Tom Petty Marks 30Years on the Road As the Consummate Journeyman

Posted In: Arts & Entertainment, National Music, Concert Reviews,   From Issue 620   By: Scott Baker

17th August, 2006     0

Thirty years down and it's time to throw a party.

At least that's the impression Tom Petty and the Heartbreakers are toting city to city. Having announced back in April, the Highway Companion Tour, which is in conjunction with Petty's new 'solo' album of the same name, the artist is featuring many opening acts of their own headline status to help celebrate the event in style, with the likes of Pearl Jam, The Allman Brothers, and former Phish front man Trey Anastasio, among others.

At DTE Energy Music Theater on August 8, Anastasio walked onstage to the bright, glaring sunshine promptly at 7:30 p.m. A jam-based guitar hero over the course of the past 15 years, Anastasio hasn't seen Michigan soil for a gig since 2002 when fronting his solo band for the first time, just before the final Phish reunion (which sadly never made it back to the state). With his ever-present smile and excitement in the air, Anastasio kicked into the beginning licks of Drifting as the seats began to fill out.

Granted it was a sold out show, as it was last year with The Black Crowes, but many of the Petty die-hards and long time fans kicked back elsewhere, as the hippy-clad, Phish-friends started to dance and fill the isles with their swirls and We Love You Tray posters. Anastasio took note and immediately dialed in upon a long winding solo to take the phans into overdrive.

With a seven song set in an hour, Anastasio didn't forget to toss out a few Phish gems into the crowd including 46 Days and the set ending instrumental First Tube.  Background vocalists Jennifer Hartswick and Christina Durfee propelled every chorus to the back of the lawn, lifting the groove deeper into Clarkston.

Hooking up with keyboardist Ray Paczkowski and bassist Tony Hall, Anastasio was able to freely blend his new solo-style of groove songs and surround them with the long bursts of experimentation. Drummer Raymond Weber guided it around and brought it all back home. By the end of the set, it was clear Anastasio had won over many new fans. It was definitively a sunshine evening of dance and celebration for the band as well as the crowd. Anastasio noted it was his last night on the Tom Petty tour and he was happy to be asked to come along for the ride.

Petty & The Heartbreakers took stage after 9 p.m to a vision of bodies for what seemed to be miles. You could literally not see an empty seat when the house lights came up.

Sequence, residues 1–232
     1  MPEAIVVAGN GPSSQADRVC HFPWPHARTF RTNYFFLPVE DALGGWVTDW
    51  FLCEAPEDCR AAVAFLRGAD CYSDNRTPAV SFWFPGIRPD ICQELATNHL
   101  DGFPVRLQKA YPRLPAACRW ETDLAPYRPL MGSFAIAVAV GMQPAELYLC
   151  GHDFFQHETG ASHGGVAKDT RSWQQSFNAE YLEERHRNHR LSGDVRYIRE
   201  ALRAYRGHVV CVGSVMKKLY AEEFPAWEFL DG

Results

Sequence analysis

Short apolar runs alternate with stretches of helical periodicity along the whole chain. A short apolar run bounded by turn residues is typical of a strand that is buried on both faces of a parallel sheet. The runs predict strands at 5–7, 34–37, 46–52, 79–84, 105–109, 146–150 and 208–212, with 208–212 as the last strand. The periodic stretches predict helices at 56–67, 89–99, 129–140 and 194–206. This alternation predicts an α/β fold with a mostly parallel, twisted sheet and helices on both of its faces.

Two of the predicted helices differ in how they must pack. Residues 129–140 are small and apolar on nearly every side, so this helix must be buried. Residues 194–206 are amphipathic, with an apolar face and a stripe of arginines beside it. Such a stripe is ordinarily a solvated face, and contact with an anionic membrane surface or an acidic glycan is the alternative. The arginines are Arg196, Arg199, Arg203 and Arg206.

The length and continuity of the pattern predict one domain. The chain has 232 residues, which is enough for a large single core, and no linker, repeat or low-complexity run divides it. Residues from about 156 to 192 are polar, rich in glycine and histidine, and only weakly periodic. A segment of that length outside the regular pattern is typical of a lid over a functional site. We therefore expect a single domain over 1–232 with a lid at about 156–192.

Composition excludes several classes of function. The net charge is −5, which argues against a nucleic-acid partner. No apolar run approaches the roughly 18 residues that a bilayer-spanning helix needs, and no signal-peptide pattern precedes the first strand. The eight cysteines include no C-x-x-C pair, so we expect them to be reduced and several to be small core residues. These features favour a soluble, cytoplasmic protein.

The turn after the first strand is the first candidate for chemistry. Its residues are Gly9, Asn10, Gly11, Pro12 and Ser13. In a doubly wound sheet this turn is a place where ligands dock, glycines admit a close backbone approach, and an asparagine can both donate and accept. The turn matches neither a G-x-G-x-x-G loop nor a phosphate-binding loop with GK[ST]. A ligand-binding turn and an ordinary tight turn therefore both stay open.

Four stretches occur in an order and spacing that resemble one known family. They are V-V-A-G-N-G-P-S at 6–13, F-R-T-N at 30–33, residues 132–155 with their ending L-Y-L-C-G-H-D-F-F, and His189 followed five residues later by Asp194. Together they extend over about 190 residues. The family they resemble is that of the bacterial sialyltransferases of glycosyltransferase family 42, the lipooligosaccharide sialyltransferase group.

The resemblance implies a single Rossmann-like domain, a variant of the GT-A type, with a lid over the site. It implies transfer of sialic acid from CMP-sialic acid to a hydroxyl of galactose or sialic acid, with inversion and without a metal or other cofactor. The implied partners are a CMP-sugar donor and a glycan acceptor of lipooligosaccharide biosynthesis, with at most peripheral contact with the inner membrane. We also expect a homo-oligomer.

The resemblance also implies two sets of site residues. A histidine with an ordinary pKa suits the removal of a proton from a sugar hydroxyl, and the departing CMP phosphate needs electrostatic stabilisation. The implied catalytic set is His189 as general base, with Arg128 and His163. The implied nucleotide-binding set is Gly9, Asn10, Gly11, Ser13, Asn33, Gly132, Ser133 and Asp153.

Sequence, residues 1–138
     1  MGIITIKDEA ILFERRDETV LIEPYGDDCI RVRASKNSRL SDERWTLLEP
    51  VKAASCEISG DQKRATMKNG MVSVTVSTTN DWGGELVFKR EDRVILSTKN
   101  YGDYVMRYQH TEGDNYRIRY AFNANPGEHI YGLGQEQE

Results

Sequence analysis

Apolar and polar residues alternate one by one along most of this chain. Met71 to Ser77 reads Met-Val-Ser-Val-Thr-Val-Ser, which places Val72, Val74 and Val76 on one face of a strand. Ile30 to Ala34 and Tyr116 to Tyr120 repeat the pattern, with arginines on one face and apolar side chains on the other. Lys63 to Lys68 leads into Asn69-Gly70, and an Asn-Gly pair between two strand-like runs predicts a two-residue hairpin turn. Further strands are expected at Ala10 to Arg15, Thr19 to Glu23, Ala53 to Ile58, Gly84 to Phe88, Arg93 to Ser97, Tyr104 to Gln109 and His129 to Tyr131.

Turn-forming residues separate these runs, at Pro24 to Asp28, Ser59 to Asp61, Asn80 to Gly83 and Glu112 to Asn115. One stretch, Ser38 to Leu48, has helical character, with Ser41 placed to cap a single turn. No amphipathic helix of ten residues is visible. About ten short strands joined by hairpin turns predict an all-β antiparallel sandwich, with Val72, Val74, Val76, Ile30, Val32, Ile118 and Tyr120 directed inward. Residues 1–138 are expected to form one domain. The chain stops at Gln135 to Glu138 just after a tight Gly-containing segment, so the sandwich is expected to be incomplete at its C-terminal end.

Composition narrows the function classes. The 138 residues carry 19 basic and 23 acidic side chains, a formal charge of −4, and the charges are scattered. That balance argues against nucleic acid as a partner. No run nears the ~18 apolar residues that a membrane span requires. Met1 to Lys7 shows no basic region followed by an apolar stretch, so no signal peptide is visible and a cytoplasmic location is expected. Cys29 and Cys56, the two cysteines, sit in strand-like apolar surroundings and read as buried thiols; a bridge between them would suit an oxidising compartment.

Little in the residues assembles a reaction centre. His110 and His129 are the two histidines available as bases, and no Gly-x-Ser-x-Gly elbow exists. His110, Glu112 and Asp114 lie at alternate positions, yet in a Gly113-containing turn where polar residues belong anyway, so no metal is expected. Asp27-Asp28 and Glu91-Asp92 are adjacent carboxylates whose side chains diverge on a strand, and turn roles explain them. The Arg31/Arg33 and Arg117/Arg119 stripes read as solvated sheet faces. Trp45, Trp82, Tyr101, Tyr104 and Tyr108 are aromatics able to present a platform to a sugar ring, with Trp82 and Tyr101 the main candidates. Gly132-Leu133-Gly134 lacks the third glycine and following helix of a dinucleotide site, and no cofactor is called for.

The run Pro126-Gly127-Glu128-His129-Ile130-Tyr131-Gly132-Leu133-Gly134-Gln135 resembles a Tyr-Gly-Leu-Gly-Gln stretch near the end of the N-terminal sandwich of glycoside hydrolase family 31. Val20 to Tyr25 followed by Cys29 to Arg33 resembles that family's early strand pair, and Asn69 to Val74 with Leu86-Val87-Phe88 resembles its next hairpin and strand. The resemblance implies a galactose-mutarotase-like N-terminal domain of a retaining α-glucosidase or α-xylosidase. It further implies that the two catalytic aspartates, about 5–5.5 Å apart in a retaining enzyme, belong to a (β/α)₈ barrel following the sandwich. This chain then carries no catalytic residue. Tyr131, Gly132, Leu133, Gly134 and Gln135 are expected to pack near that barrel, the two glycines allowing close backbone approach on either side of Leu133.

Heartbreakers' guitarist and co-producer of Petty's new Highway Companion, Mike Campbell, ripped into Listen to Her Heart, which set the pace for the evening. Giving the crowd as much kudos as his band, Petty was in excellent form physically and vocally and seemed to be enjoying every second of the show.

You Don't Know How It Feels, I Won't Back Down, and Free Falling continued Petty's hit barrage, creating a feast of sing-alongs and overbearing cheer to which Petty replied that the audience was "singing really loud tonight."

Backing vocalist/keyboardist/guitarist Scott Thurston defined Petty's vocals, while long-time keyboardist Benmont Tench added the frills. The sound was rich and full and both acoustic and electric instruments harmonized well at DTE.

Petty helped celebrate by playing two influential songs that showed his roots by performing The Yardbirds' I'm a Man and Peter Green's Fleetwood Mac chart topper Oh, Well.
Joining original Heartbreakers bassist Ron Blair and drummer extraordinaire Steve Ferrone by the drum stand, Petty let Campbell take center stage for many extended solos and raves.
Petty also had a surprise up his sleeve. Announcing the band line-up, Petty introduced 'special guest' Stevie Nicks from Fleetwood Mac onstage to join him for almost the entire remainder of the show. Nicks, dressed in trademark frill black and twirling herself around like a whirling dervish, gave solid vocals to their Stop Draggin' My Heart Around. The sound of the crowd at DTE was over-the-top with excitement. Nicks then hung in for I Need to Know, adding a buzz to the already stellar single.

Nicks returned on and off throughout the night, both on backing vocals next to Thurston and out front and center with the band leader. Petty delivered two songs off Highway Companion with Saving Grace, and a rare solo acoustic spot with Square One.  The Traveling Wilbury's single from the late '80s, Handle With Care, brought down the house, as it did the previous year.

With a three song encore ending with American Girl around 11 PM, it was an incredible trip down memory lane as well as into the future, leaving one wondering what the next 30 years holds in store for this master songwriter and showman.

Not many touring packages this brilliant come around very often for less than $75, let alone, leave you wanting more for your money.

Petty knows how to throw the best party.


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